12. Pretty sure I did a continuous trick for the whole 2 minute time period worth some odd million points. It was where the rails went in a U and then up an escalator so you would not lose any momentum. This game was crazy will the continuous tricks you could pull, to the point where I was even thinking about what tricks I was doing just more about if I could keep a trick going the entire time.

  13. Dr_John_Zoidberg says:

     I forget the other level on this one (San Fransisco??) where you could literally grind around the entire perimeter of the map and do a 50million point trick (or whatever).  I was great at this game.  Freshman year of college in the dorms when something like this:

    1) wake up
    2) eat
    3) convince everyone else on floor to cut class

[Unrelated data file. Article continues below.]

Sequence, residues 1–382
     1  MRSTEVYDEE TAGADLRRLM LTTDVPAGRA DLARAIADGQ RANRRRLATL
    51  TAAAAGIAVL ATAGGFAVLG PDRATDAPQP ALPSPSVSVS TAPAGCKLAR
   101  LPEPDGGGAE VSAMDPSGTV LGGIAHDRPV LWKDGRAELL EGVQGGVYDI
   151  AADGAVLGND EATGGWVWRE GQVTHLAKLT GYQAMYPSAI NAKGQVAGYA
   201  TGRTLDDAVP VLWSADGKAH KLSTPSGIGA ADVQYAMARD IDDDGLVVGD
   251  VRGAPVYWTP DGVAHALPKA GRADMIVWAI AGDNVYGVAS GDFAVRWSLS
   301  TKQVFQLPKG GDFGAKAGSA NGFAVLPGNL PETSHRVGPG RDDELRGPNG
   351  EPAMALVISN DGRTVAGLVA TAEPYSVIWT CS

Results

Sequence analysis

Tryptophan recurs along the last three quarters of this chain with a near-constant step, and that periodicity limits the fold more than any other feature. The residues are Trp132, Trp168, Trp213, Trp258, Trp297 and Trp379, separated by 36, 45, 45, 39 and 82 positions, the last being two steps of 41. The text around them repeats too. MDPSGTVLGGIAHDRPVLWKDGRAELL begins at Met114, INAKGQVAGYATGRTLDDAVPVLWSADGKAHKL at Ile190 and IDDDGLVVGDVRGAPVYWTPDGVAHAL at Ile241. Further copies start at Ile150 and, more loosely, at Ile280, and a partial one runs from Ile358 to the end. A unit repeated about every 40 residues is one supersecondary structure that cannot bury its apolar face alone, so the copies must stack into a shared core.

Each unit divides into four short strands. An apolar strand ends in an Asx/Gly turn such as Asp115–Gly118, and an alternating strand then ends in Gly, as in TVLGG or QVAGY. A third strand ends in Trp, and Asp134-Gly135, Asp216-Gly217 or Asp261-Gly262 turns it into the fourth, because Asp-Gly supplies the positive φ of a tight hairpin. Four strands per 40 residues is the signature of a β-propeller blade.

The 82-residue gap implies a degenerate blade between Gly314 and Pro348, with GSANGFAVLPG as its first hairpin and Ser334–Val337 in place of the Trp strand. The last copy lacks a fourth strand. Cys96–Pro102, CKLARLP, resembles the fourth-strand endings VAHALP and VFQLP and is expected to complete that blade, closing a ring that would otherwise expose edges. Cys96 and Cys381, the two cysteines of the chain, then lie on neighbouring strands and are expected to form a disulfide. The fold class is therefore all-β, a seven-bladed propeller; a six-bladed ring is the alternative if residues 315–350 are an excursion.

4) go smoke weed
    5) Play Tony Hawk 3 for 12 hours
    6) eat
    7) get drunk
    8) repeat

    • The Otter White Meat says:

      I think you’re thinking of Rio. That level was the worst for multiplayer because you’d end up with 10 people all grinding endlessly around the perimeter and they would never do anything else.

  14. bendthebullet says:

    “Tony Hawk’s Pro Skater 3 was the series’ final moment of triumph before a long stretch of malaise.”

    Uh… excuse me?  Have we somehow entered a world where Tony Hawk 4 doesn’t have some of the best level design and added the last set of mechanics that really mattered?

  15. sirslud says:

    The baggage pickup area was a goldmine for stupidly high scores since you could drop down the ramp, hit the circular rail, do trick at the top of the ramp it linked too, go down hit the rail … etc. Fuck, I used to spend hours just in that one little corner of the airport level. (Also, one of the best videogame licensed soundtracks ever?)

  16. caspiancomic says: